By Ben Thomas

The final result was not a disaster, but the nature of the calamity that lead to England dropping two points has infuriated English fans who have seen the re-emergence of an old foe: The England goalkeeping blunder Green’s fumble from Clint Dempsey’s tame shot last night is the latest in a line of outrageous decisions on the part of England’s goalkeepers that have cost the country big in important games.

To his credit, Robert Green stood up to the press talking about his mishap for twenty minutes. Mere words cannot undo what had already passed but Green certainly hasn’t taken his mistake lightly. Great sportsmanship was shown by the American goalkeepers Tim Howard and Marcus Hahnemann who both made a point to go and console Green together after the final whistle.

England head coach Fabio Capello has tried to increase the competition between his three goalkeepers, Green, Joe Hart and David James, by not naming an outright first choice from the trio and leaving it until the very last minute yesterday to name Green in the starting eleven. The Italian has given nothing away in his squad selection and raised many eyebrows with his squad selection, starting James Milner ahead of Joe Cole, then substituting him before half time to be replaced by Shaun Wright-Phillips because of a booking.

His gamble on Ledley King’s inclusion also seems to have backfired. The Spurs centre back has long been injury prone with consistent knee problems and in last night’s game he lasted only forty-five minutes before being forced off with a groin problem to be replaced by Jamie Carragher. King has been ruled out of Friday’s game against Algeria which will concern Capello, already without Rio Ferdinand who was ruled out of the entire tournament last week after injuring himself in training.

From an English perspective the game started very well. New team captain Steven Gerrard poked home a well worked shot from Emile Heskey’s through ball after less than four minutes. England looked comfortable and much improved from the cautious, nervous performances they gave against Mexico and Japan in their final official warm up games. But despite having much of the ball, going forward Rooney failed to make an impact and in the absence of Gareth Barry who was not considered fit enough to start, Gerrard seemed to be filling in much deeper as England had no natural defensive midfielder, limiting his influence going forward.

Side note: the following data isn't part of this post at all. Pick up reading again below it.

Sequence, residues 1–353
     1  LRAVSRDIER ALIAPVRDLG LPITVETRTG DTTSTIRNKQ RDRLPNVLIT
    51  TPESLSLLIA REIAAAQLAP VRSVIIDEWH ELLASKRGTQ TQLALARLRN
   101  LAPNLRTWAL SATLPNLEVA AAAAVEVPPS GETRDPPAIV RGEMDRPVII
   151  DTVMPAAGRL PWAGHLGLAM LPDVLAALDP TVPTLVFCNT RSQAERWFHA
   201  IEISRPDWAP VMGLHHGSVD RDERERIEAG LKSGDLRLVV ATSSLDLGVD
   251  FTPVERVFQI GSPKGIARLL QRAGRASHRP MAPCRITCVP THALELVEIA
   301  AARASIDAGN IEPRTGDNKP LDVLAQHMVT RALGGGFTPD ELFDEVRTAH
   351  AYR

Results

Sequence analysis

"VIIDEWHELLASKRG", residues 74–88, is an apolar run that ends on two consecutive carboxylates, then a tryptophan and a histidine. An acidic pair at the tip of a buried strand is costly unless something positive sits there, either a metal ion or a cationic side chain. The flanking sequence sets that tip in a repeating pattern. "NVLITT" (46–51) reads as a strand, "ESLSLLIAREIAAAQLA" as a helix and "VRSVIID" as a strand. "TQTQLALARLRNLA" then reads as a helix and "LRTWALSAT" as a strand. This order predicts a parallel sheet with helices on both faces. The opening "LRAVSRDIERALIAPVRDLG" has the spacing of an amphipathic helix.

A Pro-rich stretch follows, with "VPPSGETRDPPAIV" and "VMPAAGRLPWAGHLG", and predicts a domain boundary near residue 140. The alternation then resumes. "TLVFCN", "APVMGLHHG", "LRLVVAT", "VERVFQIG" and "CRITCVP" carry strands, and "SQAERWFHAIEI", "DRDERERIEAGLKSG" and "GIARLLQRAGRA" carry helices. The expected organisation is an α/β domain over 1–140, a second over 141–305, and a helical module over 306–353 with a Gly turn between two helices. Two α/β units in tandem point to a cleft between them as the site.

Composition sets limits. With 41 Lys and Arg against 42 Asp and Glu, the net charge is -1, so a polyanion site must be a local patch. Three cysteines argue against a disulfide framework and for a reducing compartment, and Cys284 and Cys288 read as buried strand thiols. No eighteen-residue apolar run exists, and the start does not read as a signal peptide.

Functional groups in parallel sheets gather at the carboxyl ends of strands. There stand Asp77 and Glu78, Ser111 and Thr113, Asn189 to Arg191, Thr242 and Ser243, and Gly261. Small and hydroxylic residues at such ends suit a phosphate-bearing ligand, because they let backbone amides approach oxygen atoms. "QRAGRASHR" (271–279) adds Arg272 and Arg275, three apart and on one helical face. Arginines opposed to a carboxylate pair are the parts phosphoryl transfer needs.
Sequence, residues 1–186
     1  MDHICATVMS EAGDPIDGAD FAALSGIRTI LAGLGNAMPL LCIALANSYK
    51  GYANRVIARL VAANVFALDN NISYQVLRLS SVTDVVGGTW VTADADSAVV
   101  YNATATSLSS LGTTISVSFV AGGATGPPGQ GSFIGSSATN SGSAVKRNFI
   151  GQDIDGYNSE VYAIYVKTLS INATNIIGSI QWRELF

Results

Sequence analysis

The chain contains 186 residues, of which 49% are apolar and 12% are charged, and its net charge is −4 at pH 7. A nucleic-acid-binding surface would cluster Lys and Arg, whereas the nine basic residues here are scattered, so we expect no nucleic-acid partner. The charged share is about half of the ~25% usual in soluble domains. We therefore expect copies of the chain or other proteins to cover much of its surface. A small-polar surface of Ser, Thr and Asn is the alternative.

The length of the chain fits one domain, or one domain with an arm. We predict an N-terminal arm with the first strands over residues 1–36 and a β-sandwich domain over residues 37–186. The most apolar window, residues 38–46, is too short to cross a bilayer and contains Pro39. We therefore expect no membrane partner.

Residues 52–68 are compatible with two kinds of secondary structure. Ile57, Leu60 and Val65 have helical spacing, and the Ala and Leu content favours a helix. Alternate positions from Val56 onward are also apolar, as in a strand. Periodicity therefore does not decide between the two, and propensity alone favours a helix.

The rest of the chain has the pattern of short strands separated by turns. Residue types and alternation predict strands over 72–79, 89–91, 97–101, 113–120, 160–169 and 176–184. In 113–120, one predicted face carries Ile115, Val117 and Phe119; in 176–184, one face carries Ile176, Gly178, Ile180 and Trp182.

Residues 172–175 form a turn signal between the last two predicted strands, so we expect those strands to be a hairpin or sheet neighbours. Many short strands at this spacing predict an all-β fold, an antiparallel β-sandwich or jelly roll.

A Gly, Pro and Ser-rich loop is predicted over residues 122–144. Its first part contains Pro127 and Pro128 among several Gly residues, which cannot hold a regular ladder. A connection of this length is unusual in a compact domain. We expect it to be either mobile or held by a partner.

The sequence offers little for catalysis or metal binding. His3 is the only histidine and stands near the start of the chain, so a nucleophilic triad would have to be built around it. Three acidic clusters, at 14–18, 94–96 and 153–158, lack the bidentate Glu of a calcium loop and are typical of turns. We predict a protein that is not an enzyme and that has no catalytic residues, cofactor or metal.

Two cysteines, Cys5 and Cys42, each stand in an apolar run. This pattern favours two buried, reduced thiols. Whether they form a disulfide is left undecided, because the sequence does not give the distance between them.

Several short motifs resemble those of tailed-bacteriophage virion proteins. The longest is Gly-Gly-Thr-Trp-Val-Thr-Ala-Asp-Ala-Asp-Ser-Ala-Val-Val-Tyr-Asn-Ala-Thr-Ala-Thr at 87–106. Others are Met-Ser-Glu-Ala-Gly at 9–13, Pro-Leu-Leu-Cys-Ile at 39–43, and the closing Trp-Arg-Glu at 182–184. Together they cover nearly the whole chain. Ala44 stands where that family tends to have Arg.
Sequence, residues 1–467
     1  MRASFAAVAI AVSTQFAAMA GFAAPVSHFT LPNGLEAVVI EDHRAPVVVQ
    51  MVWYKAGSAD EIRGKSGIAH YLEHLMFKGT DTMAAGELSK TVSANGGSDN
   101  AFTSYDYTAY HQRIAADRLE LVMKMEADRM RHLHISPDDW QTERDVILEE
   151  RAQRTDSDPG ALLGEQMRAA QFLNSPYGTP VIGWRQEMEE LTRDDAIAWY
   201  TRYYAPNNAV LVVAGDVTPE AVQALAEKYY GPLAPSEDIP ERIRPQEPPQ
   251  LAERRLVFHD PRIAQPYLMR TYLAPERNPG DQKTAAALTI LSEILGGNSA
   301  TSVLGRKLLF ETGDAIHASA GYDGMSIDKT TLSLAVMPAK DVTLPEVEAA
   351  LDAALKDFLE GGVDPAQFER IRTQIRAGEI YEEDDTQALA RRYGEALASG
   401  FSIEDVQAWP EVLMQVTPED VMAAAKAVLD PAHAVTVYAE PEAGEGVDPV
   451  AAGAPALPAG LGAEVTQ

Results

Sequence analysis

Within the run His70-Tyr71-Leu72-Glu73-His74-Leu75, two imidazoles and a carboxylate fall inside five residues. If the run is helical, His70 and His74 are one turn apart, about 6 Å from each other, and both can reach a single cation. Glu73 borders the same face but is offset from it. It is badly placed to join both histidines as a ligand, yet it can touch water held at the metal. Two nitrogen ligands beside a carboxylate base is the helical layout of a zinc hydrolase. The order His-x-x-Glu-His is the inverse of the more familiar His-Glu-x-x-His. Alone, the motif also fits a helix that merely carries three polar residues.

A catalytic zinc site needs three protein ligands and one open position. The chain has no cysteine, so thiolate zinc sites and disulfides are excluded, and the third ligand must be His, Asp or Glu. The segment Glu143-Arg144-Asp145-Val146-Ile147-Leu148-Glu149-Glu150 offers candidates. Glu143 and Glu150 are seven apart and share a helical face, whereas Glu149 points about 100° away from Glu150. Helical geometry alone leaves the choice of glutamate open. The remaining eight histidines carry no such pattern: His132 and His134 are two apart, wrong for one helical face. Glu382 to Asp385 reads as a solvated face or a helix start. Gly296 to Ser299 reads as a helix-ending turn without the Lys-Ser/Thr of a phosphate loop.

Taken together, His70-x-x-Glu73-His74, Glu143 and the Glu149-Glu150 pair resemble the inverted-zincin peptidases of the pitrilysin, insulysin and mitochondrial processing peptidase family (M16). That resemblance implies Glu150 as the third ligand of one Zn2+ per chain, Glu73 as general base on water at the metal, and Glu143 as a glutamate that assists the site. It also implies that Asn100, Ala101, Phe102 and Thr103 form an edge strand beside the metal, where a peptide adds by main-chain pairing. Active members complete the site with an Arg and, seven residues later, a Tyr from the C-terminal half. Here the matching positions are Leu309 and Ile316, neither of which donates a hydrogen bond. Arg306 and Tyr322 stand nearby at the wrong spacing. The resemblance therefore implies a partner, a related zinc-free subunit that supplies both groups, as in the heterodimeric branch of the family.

The calamity struck in the forty-second minute as Fulham’s Clint Dempsey hit a weak, long range shot straight at Robert Green. The goalkeeper failed to control it and the ball bounced behind and to his right, over the line. To be fair to Dempsey who claimed the goal, he did some very good work of turning Gerrard inside out before getting his shot off, but it was easily the type of chance that you would expect a goalkeeper to save, provoking jokes this morning that Thierry Henry can handle the ball better than Green.

At half time Carragher replaced King and Joey Altidore took his chance to exploit the Liverpool defender’s lack of pace as the US hit England on the break, only for Green to push the American’s shot onto the post. This save kept England in the game, but in the eyes of many will have only done so much to atone for his previous mistake.

Rooney began to force his way into the game much more in the second half, hitting a well aimed shot from outside the area, forcing an impressive save from Tim Howard, and laying off a brilliant chance to Wright-Phillips, only for the winger to hit it straight at the keeper. Heskey, who also missed a golden opportunity to put England back in front, came off late on for Peter Crouch but the Spurs striker didn’t have the time to have any influence on the game as England continued to rally in search of a winner.

A 1-1 draw is a fair result, but the manner in which the equaliser was conceded will be remembered for many years to come and I am sure the vast majority of England fans will see this as two points dropped rather than one point gained. A more objective, neutral observer may wish to give more credit to the United States, who put up a real fight for the entire ninety minutes. The American squad’s body language and celebrations at the end of the match could have fooled you into thinking that they were the victors, but in truth there was a huge element of luck involved in the goal that gave them their point and aside from Altidore’s second half chance, they had few other convincing opportunities to score. As it is England fans will now be thinking of what could have been, had Green done his job and saved that shot. Capello now has a daunting task on his hands rebuilding confidence in the squad and specifically in a goalkeeper who looks at the moment to be targeted as this summer’s English villain. We shall see if Green is still Capello’s first choice come Friday.

This site uses Akismet to reduce spam. Learn how your comment data is processed.